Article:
LaVine underwent surgery in February.
The 22-year-old is already getting to know some of his new teammates. The Bulls posted a photo of LaVine in attendance for a Las Vegas Summer League game against the Dallas Mavericks:
In March, the Associated Press' Jon Krawczynski (via NBA.com) reported the Timberwolves had yet to determine a return date for LaVine.
The Chicago Tribune's K.C. Johnson reported Wednesday the Bulls are going to be extra cautious with the fourth-year guard:
LaVine was the headliner of the Butler trade from Chicago's perspective. The Bulls also added point guard Kris Dunn and swapped first-round picks with Minnesota, landing Arizona Wildcats forward Lauri Markkanen at No. 7 overall.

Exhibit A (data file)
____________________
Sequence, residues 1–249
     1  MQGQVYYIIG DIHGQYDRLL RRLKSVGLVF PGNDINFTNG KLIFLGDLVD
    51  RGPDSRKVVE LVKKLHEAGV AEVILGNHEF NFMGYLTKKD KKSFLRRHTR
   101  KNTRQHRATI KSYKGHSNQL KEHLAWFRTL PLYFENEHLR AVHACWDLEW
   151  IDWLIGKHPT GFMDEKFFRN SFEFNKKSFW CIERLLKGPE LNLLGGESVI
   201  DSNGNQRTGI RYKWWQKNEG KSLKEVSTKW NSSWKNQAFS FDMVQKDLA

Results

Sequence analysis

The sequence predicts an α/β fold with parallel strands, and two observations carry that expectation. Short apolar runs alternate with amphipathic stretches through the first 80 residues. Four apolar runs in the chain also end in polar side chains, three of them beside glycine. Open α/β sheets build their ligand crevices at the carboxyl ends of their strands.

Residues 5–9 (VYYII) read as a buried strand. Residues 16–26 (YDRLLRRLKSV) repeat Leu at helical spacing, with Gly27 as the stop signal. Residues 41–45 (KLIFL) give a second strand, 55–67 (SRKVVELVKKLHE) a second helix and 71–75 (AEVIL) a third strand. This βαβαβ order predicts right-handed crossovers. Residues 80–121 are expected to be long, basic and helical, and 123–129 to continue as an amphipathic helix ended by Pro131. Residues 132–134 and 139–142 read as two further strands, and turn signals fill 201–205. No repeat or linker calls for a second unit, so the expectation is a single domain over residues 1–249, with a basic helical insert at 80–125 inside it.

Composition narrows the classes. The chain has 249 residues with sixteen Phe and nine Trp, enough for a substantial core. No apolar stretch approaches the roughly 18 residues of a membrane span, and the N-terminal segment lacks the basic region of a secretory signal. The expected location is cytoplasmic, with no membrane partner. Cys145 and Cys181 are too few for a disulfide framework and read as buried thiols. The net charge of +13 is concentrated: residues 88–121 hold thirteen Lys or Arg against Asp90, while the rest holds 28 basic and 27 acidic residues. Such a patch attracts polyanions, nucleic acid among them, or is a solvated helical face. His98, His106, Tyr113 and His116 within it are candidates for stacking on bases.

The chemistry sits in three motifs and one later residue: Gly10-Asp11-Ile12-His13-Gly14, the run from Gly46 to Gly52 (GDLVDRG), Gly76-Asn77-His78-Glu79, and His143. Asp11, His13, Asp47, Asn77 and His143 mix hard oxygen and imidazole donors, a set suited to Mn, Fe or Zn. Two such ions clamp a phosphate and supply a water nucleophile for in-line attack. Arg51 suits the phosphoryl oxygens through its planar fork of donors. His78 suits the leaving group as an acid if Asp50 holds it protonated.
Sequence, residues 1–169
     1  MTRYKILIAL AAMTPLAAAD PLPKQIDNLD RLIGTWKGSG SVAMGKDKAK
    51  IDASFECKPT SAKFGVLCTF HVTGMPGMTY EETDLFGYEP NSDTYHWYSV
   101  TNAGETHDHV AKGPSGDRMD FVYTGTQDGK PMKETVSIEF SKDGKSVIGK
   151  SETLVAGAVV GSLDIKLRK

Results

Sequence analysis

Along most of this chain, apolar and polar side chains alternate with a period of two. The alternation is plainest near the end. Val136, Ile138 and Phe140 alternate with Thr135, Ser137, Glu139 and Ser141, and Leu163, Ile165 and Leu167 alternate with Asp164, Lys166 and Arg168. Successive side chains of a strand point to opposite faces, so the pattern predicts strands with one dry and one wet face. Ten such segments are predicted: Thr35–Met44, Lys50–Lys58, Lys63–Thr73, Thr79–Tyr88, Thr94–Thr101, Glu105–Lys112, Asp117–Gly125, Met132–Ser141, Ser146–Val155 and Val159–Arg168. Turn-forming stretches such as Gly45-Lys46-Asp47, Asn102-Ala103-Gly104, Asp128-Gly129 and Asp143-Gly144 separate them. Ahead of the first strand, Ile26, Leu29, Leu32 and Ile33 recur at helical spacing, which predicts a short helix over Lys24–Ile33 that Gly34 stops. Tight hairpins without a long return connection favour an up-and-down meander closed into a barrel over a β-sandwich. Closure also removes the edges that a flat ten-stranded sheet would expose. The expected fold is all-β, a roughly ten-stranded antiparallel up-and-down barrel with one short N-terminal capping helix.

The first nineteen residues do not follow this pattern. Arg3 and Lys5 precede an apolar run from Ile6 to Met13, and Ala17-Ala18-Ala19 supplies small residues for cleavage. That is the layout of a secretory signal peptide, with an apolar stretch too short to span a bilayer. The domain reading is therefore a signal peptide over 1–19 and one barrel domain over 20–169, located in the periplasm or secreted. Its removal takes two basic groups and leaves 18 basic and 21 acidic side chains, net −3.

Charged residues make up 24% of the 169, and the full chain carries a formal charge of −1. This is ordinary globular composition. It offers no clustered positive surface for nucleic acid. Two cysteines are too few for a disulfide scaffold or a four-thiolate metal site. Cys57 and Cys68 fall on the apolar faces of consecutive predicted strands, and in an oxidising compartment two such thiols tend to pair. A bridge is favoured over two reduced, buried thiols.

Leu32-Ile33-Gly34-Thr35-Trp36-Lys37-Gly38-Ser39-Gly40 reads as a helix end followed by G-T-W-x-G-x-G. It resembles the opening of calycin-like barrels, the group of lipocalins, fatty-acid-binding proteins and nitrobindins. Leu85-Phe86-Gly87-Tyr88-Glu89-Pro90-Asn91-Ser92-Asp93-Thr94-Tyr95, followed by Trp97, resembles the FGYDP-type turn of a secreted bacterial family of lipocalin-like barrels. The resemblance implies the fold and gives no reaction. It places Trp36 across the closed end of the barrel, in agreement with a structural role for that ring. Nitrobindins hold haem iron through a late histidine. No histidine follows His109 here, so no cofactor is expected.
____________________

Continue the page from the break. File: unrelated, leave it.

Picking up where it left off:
The relative success or failure of the Butler trade will hinge heavily on LaVine's performance. Before tearing his ACL, he was averaging a career-high 18.9 points per game and shooting 38.7 percent from three-point range.
LaVine's otherworldly athleticism—he's a two-time Slam Dunk Contest champion—is a large part of his game, leading some to worry whether the effects of his ACL injury will continue to linger long after he has fully healed. Having witnessed Derrick Rose's decline, Bulls fans are all too aware how much knee injuries can derail a player's career.
The fact LaVine is progressing well in his rehab is good news for Chicago since—as Johnson noted—he'll be one of the faces of the franchise's long-term direction.